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Ovarian Response is Affected by a Specific Histidine-Rich Glycoprotein Polymorphism: a preliminary study
Uppsala University, Disciplinary Domain of Medicine and Pharmacy, Faculty of Medicine, Department of Women's and Children's Health, Obstetrics and Gynaecology.
Uppsala University, Disciplinary Domain of Medicine and Pharmacy, Faculty of Medicine, Department of Women's and Children's Health, Obstetrics and Gynaecology.
Uppsala University, Disciplinary Domain of Medicine and Pharmacy, Faculty of Medicine, Department of Women's and Children's Health, Obstetrics and Gynaecology.
Fertilitetscentrum Stockholm.
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2015 (English)In: Reproductive Biomedicine Online, ISSN 1472-6483, E-ISSN 1472-6491, Vol. 30, no 1, 74-81 p.Article in journal (Refereed) Published
Abstract [en]

Genetic polymorphisms involved in angiogenesis, apoptosis and chemokine signalling are associated with varying ovarian response and oocyte quality. The protein, histidine-rich glycoprotein (HRG), is involved in these processes, but its effect on ovarian response in IVF has not been previously studied. A single nucleotide polymorphism (SNP) in the HRG gene (C633T) seems to affect pregnancy results in IVF. Women with the C/C genotype had higher pregnancy rates, C/T had moderate rates and none of those in the T/T group conceived. The aim of this study was to investigate if the HRG C633T SNP affects ovarian response. The HRG C633T SNP genotype of 67 women with unexplained infertility undergoing IVF was analysed and related to medical data. The T/T genotype obtained fewer oocytes, including mature oocytes, despite higher dosages of FSH administered. Additionally, the highest proportion of women who had exclusively poor-quality embryos was in the T/T group. No differences in demographic factors known to affect these parameters were found. The results suggest that the HRG C633T SNP influences ovarian response. Further studies of this SNP may increase knowledge about the biological processes involved in oocyte development and, furthermore, improve predicted ovarian response and fertilization.

Place, publisher, year, edition, pages
2015. Vol. 30, no 1, 74-81 p.
National Category
Obstetrics, Gynecology and Reproductive Medicine
Identifiers
URN: urn:nbn:se:uu:diva-234490DOI: 10.1016/j.rbmo.2014.09.016ISI: 000347102400011OAI: oai:DiVA.org:uu-234490DiVA: diva2:756825
Available from: 2014-10-20 Created: 2014-10-20 Last updated: 2017-12-05Bibliographically approved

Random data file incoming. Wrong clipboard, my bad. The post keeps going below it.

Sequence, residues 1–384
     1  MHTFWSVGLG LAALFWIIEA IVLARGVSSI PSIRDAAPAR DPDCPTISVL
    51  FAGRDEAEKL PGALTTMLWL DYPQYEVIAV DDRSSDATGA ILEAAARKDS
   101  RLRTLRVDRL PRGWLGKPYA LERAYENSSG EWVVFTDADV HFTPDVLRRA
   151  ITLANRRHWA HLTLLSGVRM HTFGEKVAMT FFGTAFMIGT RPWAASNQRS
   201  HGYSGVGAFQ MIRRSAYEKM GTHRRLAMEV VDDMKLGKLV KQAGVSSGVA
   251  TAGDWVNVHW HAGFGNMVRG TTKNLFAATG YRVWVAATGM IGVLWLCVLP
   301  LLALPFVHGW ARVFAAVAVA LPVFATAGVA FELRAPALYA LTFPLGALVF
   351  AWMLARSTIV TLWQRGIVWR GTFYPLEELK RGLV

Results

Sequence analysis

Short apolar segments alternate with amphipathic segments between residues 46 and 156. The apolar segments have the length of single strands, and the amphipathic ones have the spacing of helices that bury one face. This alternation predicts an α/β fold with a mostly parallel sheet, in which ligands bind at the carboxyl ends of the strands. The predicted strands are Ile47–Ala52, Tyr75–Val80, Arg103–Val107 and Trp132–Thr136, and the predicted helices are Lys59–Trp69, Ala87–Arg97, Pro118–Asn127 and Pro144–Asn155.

In thesis
1. Biological Markers of Fertility
Open this publication in new window or tab >>Biological Markers of Fertility
2014 (English)Doctoral thesis, comprehensive summary (Other academic)
Abstract [en]

Infertility affects 15 % of couples, which corresponds to 60 - 80 million worldwide. The microenvironments in which the oocyte, embryo and fetus mature are vital to the establishment and development of a healthy pregnancy. Different biological systems, such as angiogenesis, the immune system and apoptosis need to be adequately regulated for pregnancy to occur and progress normally. The overall aim of this thesis was to investigate the impact of Histidine-rich glycoprotein (HRG) and Src homology 2 domain-containing adapter protein B (SHB) on human female fertility.

HRG is a plasma protein that regulates angiogenesis, the immune system, coagulation/fibrinolysis and apoptosis, by building complexes with various ligands. The impact of HRG on fertility is studied here for the first time. HRG is present in follicular fluid, the Fallopian tube, endometrium, myometrium and placenta. HRG distribution within embryo nuclei depends on developmental stage. Blastocysts express and secrete HRG. The HRG C633T single nucleotide polymorphism (SNP) appears to affect the chance of pregnancy and, correspondingly, parameters associated with pregnancy in IVF. Additionally, this HRG genotype may increase the risk in IVF of only developing embryos unfit for transfer.

SHB is an adaptor protein involved in intracellular signaling complexes that regulate angiogenesis, the immune system and cell proliferation/apoptosis. Shb knockout mice have altered oocyte/follicle maturation and impaired embryogenesis. The impact of three SHB polymorphisms (rs2025439, rs13298451 and rs7873102) on human fertility is studied for the first time. The SNP prevalences did not differ between infertile and fertile women. BMI, gonadotropin dosages, the percentage of immature oocytes, the number of fertilized oocytes, the percentage of good-quality embryos and the day of embryo transfer seems to be affected by SHB genotype.

In conclusion, HRG and SHB appear to influence female fertility. They are potential biomarkers that might be used for predicting pregnancy chance in infertile women. Knowledge of these genotypes may improve patient counseling and individualization of treatment.

Place, publisher, year, edition, pages
Uppsala: Acta Universitatis Upsaliensis, 2014. 73 p.
Series
Digital Comprehensive Summaries of Uppsala Dissertations from the Faculty of Medicine, ISSN 1651-6206 ; 1048
Keyword
angiogenesis, embryogenesis, female reproductive tract, fertility, fertilization, Histidine-rich glycoprotein, intron, in vitro fertilization, oocyte, ovarian response, pregnancy, single nucleotide polymorphism, Src homology 2 domain-containing adapter protein B
National Category
Obstetrics, Gynecology and Reproductive Medicine
Identifiers
urn:nbn:se:uu:diva-234067 (URN)978-91-554-9085-0 (ISBN)
Public defence
2014-12-05, Sal IX, Universitetshuset, Övre Slottsgatan 2, Uppsala, 09:15 (English)
Opponent
Supervisors
Available from: 2014-11-14 Created: 2014-10-14 Last updated: 2015-02-03Bibliographically approved

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Nordqvist, SarahKårehed, KarinSkoog Svanberg, AgnetaÅkerud, Helena

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